For Bernice, spending time outdoors is a family tradition. Every Sunday when she was a kid, her family would get together at West End Park for a big cookout—not just relatives, but neighbors too. The only request was that everyone “bring meat for your family to make sure y’all eat,” and then her two uncles would barbecue all night long. “If you came late at night with a pack of meat, they were gonna put it on the pit,” Bernice says. This is her first overnight trip with the Bloom Project. She says it’s been “peaceful just to be away from everyday reality.”

When we finally arrive at our campground in Terlingua, we are greeted by a small white goat in a bright orange collar: a trusted companion of the man who runs the place. We all take turns snapping photos before the curious creature scurries off in a cloud of desert dust. It’s lunchtime and our stomachs are grumbling, but our tents won’t pitch themselves. 

While we assemble the tents, I chat with Gabriela Lopez, Black Outside’s program coordinator and a former high school teacher on the South Side of San Antonio, where she grew up. “In my teaching, I did a lot of restorative justice circles that helped students learn how to manage communication and active listen,” she says. The Bloom Project’s programming is often thematic, she tells me. Last year’s overarching theme was healing.

At an all-youth retreat in December, fire and rage took center stage. The group explored the double-edged sword of anger with the help of psychologists and reflected on how the emotion can manifest in both positive and negative ways. Later they wrote apology letters to themselves and others. Many wrote to their currently or formerly incarcerated caregivers. Then they built a bonfire and set the letters ablaze. This year’s theme is sustainability. “We have to take care of outside in order for us to be able to continue to be outside,” Bernice reminds the group.

Adaptability turns out to be important on this trip. When we return to the campsite after a day of hiking and swimming in Big Bend National Park, the wind is picking up. In pairs, we take turns making the trek from the tents to the outdoor showers as the dust swirls around us. We can barely see three feet in front of the glow of our headlamps, much less the stars in the night sky. So we wash up and tuck into our tents with turkey-and-cheese sandwiches before dozing off. Everyone is exhausted.

I wake up to the sound of the wind roaring against the tent. The flaps from the rain fly have come unstaked and are beating against the walls. “I dreamed a bear was trying to get in here last night,” laughs Lopez. We were anticipating a cold front when Hogan packed enough sleeping bags for everyone to double up, and double up I did. When I open my eyes, I smell the plastic zippers of my sleeping bags zipped up over my nose. I feel like a baby in swaddling clothes, warm and unburdened by the world.

Not 24 hours prior, we were comfortably wading in the waters of the Rio Grande at the base of Santa Elena Canyon’s walls. Now the temperature is dropping quickly, and the overnight low may dip into the low thirties. Alex Bailey, Black Outside’s executive director, makes a few calls to facilities with indoor accommodations and finds space back at Prude Ranch, near Fort Davis. Word travels fast that there is horseback riding available, and we hurriedly pack up our tents and load up the cars.

Unfortunately, we do not get the chance to cross horseback riding off our list on this trip. A series of miscommunications and microaggressions ends in the group being denied the opportunity to ride horses during the stay. (Prude Ranch did not respond to messages from Texas Monthly.) “I hate to say, but it is familiar,” Bernice admits. “It makes me feel uncomfortable and reluctant.”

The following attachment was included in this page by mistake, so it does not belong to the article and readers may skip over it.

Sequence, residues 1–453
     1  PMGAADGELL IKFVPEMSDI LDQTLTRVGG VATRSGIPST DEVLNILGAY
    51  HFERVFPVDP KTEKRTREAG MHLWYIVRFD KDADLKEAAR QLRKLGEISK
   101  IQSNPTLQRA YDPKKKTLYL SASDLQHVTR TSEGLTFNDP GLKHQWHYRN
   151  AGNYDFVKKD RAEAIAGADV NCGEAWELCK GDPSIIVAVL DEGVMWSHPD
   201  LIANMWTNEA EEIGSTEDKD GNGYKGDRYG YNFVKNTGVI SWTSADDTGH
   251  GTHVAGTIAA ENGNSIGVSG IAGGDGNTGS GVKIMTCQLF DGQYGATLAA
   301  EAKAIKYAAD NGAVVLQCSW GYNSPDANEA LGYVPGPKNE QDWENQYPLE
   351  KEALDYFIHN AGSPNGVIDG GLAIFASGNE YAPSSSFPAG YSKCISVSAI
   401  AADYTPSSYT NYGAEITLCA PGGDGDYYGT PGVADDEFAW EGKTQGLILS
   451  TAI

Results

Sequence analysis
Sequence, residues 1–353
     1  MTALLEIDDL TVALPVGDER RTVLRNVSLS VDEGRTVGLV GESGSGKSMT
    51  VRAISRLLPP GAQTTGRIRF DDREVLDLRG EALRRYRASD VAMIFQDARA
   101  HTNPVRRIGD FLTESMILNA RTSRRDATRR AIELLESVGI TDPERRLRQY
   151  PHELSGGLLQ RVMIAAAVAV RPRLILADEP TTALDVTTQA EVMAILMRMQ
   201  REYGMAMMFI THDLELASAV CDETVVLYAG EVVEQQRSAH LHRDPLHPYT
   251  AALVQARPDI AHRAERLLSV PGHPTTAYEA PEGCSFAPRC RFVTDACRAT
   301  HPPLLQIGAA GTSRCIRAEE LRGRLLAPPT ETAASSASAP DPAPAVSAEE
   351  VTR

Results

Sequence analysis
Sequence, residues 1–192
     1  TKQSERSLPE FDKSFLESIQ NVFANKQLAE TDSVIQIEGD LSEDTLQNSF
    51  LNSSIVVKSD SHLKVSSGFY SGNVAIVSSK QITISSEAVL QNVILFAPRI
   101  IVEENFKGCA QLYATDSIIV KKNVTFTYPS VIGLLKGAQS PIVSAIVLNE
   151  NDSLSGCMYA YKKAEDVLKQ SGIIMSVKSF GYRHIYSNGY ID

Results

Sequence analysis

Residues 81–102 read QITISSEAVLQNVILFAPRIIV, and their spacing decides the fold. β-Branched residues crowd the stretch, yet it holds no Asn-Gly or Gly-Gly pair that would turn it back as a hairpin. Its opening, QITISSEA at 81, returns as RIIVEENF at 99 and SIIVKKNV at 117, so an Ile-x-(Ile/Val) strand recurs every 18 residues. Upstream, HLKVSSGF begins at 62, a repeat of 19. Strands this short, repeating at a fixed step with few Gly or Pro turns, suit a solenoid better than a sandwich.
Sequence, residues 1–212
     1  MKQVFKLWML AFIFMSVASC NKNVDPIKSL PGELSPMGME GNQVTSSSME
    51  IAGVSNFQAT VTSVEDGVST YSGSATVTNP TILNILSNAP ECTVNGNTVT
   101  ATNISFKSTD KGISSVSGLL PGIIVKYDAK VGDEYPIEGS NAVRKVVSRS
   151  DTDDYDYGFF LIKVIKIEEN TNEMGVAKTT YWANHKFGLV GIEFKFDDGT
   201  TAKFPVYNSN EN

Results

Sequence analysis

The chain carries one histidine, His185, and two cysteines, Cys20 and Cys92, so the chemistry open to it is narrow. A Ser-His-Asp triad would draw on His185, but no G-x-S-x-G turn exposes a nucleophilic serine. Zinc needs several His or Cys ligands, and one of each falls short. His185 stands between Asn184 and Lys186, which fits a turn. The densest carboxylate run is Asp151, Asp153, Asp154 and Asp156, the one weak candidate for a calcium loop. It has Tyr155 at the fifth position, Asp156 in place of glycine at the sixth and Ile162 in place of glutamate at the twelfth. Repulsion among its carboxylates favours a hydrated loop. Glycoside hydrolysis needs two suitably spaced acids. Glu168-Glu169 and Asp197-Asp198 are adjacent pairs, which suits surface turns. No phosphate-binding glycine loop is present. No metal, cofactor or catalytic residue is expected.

“We have had experiences like that where we go to a state park and a police officer asks us a bunch of questions,” Bailey says. “That’s the dichotomy in the experience of being outdoors. There are real systemic barriers that don’t always make us feel welcome.” One of those barriers is the fact that more than 96 percent of land in Texas is privately owned

Still, the horseback riding snafu doesn’t sour an otherwise enjoyable trip. Everyone works up an appetite after an afternoon of swimming at the ranch’s indoor pool. “I really like the adults here,” Hallow, thirteen, tells me before dinner on the last night. “They make me feel cared about.” We’re having taco bowls, and Jkyah has convinced Bernice to lend a hand in the kitchen to give the meal a home-cooked touch. Hallow, who identifies as nonbinary and uses they/them pronouns, is one of three newcomers to the Bloom Project from the Young Women’s Leadership Academy, a San Antonio school. The four of us are seated around a table in an indoor kitchen-and-dining area at the ranch. “We’re bullied a lot,” Hallow tells me as they tuck their dark brown hair behind their ears. “I just want to make sure that everyone understands that we’re just people, so maybe in the future, there’s not as many people wanting to murder us.”

Hallow convinced two friends to sign up for the Bloom Project after Lopez gave a presentation at their school last year. This is their second outing with the group. “It’s just nice to be around people that I get to be myself around. I don’t feel very judged here,” Hallow says. Their friend Harold says the best part about the program is being able to detach from his phone. “When I’m here, it’s like an escape,” he tells me. “I’ve literally never seen a mountain. On the car ride, they were just—whoa.”

On the final day of the trip, it feels like Christmas morning. A powdery layer of fresh snow blankets the dry brush, and a crow caws into the cold air from a tall, naked tree as the snow flurries around him. As we pack our bags for the drive back to San Antonio, a few of the kids make a small snowman and snap a picture. Brenai Martin, eighteen, a high school senior who’s been part of the group since 2019, says she’s glad she came. “It’s hard to make time for being outside, but it’s always worth it.” Martin remembers a time when being outdoors made her feel unsafe. With the Bloom Project, she has new opportunities to experience what it should feel like: “Nature loving me and me loving nature.”